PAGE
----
Weitere Artikel dieser Ausgabe durch Wischen aufrufen
We develop a multi-theoretic approach, drawing on economic, institutional, managerial power and social comparison literatures to explain the role of the external compensation consultant in the top management pay setting institutional field. Taking advantage of recent disclosure requirements in the UK, we collect data on compensation consultant use in 232 large companies. We show that consultants are a prevalent part of the CEO pay setting scene, and document evidence of all advisor use. Our econometric results show that consultant use is associated with firm size and the equity pay mix. We also show that CEO pay is positively associated with peer firms that share consultants, with higher board and consultant interlocks, and some evidence that where firms supply other business services to the firm, CEO pay is greater.
Bitte loggen Sie sich ein, um Zugang zu diesem Inhalt zu erhalten
Sie möchten Zugang zu diesem Inhalt erhalten? Dann informieren Sie sich jetzt über unsere Produkte:
3i Group Plc. (2004). Annual report and accounts.
Abrahamson, E., & Rosenkopf, L. (1993). Institutional and competitive bandwagons: Using mathematical modeling as a tool to explore innovation diffusion. Academy of Management Review, 18, 487–517. CrossRef
Baker, G. P., Jensen, M. C., & Murphy, K. J. (1988). Compensation and incentives—practice vs theory. Journal of Finance, 43(3), 593–616. CrossRef
Bebchuk, L. A., & Fried, J. (2003). Executive compensation as an agency problem. Journal of Economic Perspectives, 17, 71–92. CrossRef
Bebchuk, L. A., & Fried, J. (2004). Pay without performance: The unfulfilled promise of executive compensation. Cambridge, MA: Harvard University Press.
Bizjak, J. M., Lemmon, M. L., Naveen, L. (2000). Has the use of peer groups contributed to higher levels of executive compensation? Accessed November 15, 2000 from http://ssrn.com/abstract=252544.
Black, F., & Scholes, M. (1973). The pricing of options and corporate liabilities. Journal of Political Economy, 81, 637–654. CrossRef
Boyd, B. K. (1994). Board control and CEO compensation. Strategic Management Journal, 15, 335–344. CrossRef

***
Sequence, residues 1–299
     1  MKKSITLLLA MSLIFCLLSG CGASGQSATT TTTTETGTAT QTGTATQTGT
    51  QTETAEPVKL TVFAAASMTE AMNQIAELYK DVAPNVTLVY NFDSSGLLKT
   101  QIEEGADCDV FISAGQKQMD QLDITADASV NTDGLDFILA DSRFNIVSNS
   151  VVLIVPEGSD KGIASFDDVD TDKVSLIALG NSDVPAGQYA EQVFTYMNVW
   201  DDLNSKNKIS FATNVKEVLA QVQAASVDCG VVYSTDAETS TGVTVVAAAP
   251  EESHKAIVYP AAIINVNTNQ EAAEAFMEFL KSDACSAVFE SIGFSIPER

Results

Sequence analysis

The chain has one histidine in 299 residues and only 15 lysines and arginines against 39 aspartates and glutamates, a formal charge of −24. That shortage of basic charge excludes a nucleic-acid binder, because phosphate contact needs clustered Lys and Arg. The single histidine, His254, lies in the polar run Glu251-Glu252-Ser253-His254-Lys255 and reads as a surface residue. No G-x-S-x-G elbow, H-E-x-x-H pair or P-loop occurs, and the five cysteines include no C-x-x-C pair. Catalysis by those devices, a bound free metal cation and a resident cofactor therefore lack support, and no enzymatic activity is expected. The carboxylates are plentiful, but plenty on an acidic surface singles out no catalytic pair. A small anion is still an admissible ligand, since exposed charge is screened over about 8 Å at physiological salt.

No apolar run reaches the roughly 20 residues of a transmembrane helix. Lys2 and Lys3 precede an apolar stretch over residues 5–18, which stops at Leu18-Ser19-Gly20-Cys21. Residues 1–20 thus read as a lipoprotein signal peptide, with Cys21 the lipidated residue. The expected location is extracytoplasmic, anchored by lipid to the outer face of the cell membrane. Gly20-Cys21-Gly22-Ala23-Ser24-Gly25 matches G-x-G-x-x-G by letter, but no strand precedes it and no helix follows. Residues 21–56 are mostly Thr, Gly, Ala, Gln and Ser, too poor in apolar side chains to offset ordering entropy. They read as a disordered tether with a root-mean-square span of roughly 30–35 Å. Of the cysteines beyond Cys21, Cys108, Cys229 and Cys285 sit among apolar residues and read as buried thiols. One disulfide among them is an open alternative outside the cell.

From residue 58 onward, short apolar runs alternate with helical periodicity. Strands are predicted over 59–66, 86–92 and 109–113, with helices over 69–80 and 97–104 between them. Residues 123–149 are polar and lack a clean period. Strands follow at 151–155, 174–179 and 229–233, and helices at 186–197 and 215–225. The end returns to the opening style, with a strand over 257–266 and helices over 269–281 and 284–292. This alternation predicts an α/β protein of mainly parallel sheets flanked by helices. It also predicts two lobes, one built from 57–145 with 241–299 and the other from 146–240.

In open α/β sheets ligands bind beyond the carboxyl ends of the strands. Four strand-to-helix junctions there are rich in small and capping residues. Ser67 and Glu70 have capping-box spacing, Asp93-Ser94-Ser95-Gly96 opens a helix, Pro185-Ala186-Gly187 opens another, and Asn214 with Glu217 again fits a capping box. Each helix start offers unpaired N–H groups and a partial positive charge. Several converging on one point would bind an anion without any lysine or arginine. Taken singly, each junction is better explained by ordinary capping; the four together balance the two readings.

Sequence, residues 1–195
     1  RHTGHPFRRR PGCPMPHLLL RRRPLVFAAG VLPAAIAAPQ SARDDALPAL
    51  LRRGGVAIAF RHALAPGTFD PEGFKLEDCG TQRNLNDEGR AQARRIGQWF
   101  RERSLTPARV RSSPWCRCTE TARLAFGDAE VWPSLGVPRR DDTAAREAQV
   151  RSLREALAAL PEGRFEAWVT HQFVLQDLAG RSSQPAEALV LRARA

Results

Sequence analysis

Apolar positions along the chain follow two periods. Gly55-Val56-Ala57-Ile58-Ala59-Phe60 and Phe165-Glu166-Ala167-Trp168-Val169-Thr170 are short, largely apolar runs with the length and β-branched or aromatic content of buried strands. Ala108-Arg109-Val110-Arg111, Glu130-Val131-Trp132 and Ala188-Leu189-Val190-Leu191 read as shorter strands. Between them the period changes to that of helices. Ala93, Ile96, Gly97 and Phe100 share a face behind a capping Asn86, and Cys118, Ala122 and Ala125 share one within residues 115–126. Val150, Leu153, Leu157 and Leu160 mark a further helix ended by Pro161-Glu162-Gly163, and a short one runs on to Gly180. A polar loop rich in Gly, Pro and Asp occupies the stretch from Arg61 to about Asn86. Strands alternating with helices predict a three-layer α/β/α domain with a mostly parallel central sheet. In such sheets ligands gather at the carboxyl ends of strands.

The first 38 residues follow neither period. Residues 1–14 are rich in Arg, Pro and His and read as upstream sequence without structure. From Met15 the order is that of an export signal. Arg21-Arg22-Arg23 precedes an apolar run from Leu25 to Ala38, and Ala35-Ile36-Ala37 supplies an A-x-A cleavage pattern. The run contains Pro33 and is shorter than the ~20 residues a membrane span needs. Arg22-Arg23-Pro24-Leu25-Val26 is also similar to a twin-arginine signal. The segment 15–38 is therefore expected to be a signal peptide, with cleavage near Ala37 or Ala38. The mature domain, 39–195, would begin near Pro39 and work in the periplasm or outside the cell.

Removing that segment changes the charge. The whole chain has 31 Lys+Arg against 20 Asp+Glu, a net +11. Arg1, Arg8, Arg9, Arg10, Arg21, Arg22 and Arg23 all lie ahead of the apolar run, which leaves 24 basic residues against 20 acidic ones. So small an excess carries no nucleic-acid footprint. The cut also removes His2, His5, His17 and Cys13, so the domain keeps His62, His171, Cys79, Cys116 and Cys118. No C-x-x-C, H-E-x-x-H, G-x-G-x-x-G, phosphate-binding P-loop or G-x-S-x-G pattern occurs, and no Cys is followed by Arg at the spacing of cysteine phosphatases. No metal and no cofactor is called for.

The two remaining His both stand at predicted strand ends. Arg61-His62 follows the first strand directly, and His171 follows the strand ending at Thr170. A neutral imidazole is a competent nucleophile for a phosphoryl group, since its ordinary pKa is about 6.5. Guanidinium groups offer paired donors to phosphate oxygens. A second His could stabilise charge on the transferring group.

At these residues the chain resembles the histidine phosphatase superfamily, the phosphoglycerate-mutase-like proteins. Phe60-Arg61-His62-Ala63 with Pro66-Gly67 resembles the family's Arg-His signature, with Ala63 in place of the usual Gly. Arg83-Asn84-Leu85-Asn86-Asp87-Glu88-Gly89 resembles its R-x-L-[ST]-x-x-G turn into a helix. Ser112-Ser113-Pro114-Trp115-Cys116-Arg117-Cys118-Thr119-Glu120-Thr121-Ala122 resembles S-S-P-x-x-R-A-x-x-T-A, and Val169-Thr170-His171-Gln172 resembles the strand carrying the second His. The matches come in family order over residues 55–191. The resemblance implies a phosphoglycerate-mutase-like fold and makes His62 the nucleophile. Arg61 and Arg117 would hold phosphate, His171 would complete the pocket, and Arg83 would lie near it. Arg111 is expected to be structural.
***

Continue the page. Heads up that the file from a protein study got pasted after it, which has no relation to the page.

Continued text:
Conyon, M. J., & Murphy, K. (2000). The prince and the pauper: Executive compensation in the US and UK. Economic Journal, 110, 640–671. CrossRef
Conyon, M. J., & Peck, S. I. (1998). Board control, remuneration committees and top management compensation. Academy of Management Journal, 41, 146–157. CrossRef
Core, J., Holthausen, R., & Larcker, D. (1999). Corporate governance, chief executive officer compensation and firm performance. Journal of Financial Economics, 51, 371–406. CrossRef
Crystal, G. (1991). Why is CEO compensation so high? California Management Review, 34, 9–29.
Dacin, M. T. (1997). Isomorphism in context: The power and prescription of institutional norms. Academy of Management Journal, 40, 46–81. CrossRef
Dacin, M. T., Goodstein, J., & Scott, R. W. (2002). Institutional theory and institutional change: Introduction to the special research forum. Academy of Management Journal, 45(1), 45–57. CrossRef
Daily, C. M., Johnson, J. L., Ellstrand, A. E., & Dalton, D. R. (1998). Compensation committee composition as a determinant of CEO compensation. Academy of Management Journal, 41, 209–220. CrossRef
Davis, G. F., & Greve, H. R. (1997). Corporate elite networks and governance changes in the 1980s. American Journal of Sociology, 103, 1–37. CrossRef
Davis, G. F., & Stout, S. K. (1992). Organization theory and the market for corporate control: A dynamic analysis of the characteristics of large takeover target, 1980–1990. Administrative Science Quarterly, 37, 605–633. CrossRef
Deutsch, Y. (2005). The impact of board composition on firms’ critical decisions: A meta-analytic review. Journal of Management, 31, 424–444.
Devers, C. E., Cannella, A. A., Reilly, G. P., & Yoder, M. E. (2007). Executive compensation: A multi-disciplinary review of recent developments. Journal of Management, 33(6), 1016–1072. CrossRef
DiMaggio, P., & Powell, W. W. (1983). The iron cage revisited: Institutional isomorphism and collective rationality in organizational fields. American Sociological Review, 48, 147–160. CrossRef
Dixons Group. (2004). Annual report and accounts.
Dobbin, F. R., Edelman, L., Meyer, J. W., Scott, R. W., & Swindler, A. (1988). The expansion of due process in organizations. In L. G. Zucker (Ed.), Institutional patterns and organizations: Culture and environment. Cambridge, MA: Ballinger.